feature. The balls are attached to a CDX underlayment with liquid nails and then spray-painted. The masterpiece quickly became a favorite in the park.

Wachusett Mountain, Mass., partnered up with pro rider Chris Grenier to create the annual Holiday Hammer event. The occasion practically cried out for its own unique feature. Park leaders Andrew Roy and Chuck Kostopoulos came up with the idea for this nine-foot-tall hammer made from recycled features and a scrap corrugated tube. It allowed for a plethora of tricks for pros and amateurs alike. From backflips to hand drags, the hammer has become a staple of the event.   For Sunshine Village, B.C.’s first annual Slushine Railjam, Ben Suurallik and his crew constructed a 20-foot by 40-foot pit that set the scene for three features, including the center “arch bridge,” which was slid into position over the pit. The arch featured a rainbow box, rainbow rail and a wide rainbow surface in between that riders could choose from during their sessions. The Slushine set up took a total of seven hours to build, palm trees included.

Chris Meyer and his crew implemented this feature, built to match the Telluride, Colo., logo, into the resort’s advanced park, located right below the area’s most popular lift, The Village Express. What was once a basic 24-foot rainbow rail, quickly turned into Telluride’s
signature feature, and a prime photo op with Wilson Mountain Range in the background. ­
  Day Franzen and his crew at Carinthia, Mount Snow, Vt.,
concocted this one-of-a-kind skate plaza for shredders. Built for The C.O.M.P. (Carinthia Open Mega Plaza) event, this massive array of features offers endless opportunities and encourages infinite creativity. While the feature set was later toned down for the general public, the majority of the build stayed open through closing day. The build took a week, including more than 200 man hours, 13 builders, two snowcats, one excavator and more than 15 rails, wallrides and bonks. Riders had plenty of options to connect lines and flow through the plaza; one line combined four separate hits. ­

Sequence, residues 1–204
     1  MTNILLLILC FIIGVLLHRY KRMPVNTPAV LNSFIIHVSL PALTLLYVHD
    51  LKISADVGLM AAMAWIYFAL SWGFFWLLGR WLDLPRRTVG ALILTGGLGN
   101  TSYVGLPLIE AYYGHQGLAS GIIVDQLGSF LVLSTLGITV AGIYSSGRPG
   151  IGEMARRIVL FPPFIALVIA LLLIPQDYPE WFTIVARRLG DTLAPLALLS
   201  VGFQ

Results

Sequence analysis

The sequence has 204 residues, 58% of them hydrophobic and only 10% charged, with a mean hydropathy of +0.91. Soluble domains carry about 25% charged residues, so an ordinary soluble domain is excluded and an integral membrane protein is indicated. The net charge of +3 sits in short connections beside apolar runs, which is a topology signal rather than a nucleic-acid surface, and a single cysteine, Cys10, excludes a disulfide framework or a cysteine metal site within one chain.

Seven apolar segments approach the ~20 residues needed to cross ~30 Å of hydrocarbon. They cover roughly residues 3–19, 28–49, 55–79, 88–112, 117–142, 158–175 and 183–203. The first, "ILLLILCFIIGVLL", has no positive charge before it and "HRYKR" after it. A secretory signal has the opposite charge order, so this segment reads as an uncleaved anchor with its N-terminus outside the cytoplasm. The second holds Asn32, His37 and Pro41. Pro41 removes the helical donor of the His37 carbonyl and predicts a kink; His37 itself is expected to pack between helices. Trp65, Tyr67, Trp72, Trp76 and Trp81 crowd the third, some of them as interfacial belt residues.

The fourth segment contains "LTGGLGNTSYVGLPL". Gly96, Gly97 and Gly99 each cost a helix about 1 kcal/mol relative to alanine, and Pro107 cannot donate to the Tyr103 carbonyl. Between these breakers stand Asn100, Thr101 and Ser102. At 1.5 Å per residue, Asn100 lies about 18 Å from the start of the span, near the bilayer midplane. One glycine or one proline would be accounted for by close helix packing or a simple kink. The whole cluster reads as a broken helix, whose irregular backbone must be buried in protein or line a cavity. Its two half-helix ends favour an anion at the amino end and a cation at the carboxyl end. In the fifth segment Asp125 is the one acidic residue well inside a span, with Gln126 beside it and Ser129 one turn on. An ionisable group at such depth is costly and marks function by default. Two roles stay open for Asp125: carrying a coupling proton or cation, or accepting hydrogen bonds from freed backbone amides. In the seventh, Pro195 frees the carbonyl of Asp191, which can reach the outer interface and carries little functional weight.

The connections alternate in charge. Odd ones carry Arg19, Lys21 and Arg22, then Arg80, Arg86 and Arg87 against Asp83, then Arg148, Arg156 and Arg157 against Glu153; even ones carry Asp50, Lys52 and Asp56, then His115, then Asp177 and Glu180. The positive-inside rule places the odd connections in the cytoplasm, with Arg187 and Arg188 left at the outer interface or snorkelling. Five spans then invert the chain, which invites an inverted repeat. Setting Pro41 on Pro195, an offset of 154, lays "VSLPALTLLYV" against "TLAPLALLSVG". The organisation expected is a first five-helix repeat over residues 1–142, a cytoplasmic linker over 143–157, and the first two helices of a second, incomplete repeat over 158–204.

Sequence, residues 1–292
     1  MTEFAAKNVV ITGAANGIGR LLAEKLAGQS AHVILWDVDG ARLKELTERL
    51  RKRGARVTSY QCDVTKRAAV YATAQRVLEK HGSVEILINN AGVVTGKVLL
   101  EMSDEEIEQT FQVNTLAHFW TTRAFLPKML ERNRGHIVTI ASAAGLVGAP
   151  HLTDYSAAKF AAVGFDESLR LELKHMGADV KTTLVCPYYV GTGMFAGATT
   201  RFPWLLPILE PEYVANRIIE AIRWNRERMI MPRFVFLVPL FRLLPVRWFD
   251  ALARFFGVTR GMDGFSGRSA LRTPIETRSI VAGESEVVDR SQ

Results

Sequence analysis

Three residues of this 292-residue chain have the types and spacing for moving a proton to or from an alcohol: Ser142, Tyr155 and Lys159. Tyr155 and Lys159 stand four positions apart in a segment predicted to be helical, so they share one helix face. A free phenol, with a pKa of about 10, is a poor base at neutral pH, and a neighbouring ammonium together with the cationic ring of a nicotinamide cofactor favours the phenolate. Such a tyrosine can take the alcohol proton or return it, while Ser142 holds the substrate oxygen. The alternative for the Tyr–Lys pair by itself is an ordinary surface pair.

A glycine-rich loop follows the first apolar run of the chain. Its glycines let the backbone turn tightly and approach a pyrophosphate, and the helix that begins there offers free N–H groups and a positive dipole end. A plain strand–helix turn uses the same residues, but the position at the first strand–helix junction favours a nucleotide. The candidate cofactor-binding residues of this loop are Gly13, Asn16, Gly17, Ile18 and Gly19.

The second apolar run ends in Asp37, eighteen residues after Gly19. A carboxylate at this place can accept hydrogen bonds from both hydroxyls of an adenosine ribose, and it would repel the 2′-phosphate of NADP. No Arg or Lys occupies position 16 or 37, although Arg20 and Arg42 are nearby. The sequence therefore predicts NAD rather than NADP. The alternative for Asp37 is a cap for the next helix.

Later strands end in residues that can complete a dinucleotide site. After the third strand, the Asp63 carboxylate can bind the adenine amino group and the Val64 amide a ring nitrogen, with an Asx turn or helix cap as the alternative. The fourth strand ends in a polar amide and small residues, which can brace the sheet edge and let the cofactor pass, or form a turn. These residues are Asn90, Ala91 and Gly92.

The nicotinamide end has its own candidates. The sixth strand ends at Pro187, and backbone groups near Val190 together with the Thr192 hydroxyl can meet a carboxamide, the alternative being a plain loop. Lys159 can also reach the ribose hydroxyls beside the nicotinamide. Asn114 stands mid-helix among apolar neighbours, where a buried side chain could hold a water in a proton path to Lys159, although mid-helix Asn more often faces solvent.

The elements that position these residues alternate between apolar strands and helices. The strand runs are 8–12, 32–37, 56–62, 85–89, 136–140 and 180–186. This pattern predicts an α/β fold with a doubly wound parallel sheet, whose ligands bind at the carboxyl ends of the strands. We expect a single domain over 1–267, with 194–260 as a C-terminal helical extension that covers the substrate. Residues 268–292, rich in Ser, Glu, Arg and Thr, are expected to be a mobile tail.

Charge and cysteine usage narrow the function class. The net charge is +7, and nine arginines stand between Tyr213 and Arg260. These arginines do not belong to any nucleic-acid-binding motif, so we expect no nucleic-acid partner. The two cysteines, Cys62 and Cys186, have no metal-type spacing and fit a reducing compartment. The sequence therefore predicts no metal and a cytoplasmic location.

This 12-foot tall, see-through light bulb was born from a collaboration between Mountain High, Calif., and Anenberg Clothing; the feature is modeled after the company’s logo. It took two weeks of construction to build the skeleton of the bulb from rolled 1” x 2” steel and wrap it with 1/4” sheet metal. The see-through sides are 3/4" plexiglass that were cut out with a CNC waterjet machine; vinyl was installed on the interior to give the effects of the threads and lightning bolt. The mobile bulb caters to intermediate to advanced riders, depending on the build setup.   After staring at hundreds of feet of old snowmaking pipe for the last three years, Ric Wilkinson and his crew at Beech Mountain, N.C., decided to do something with it. The crew managed to craft 17 features for the upcoming season out of 440 feet of 8” to 12” steel pipe. Not only are all the features recycled steel, the framework for the plywood skirting came from old 2”x 2” hand rails the crew took out of a stair set that needed to be rebuilt. The larger A-frame feature in the back was made from 20” pipe that was repurposed from towers of an old lift taken down four years ago.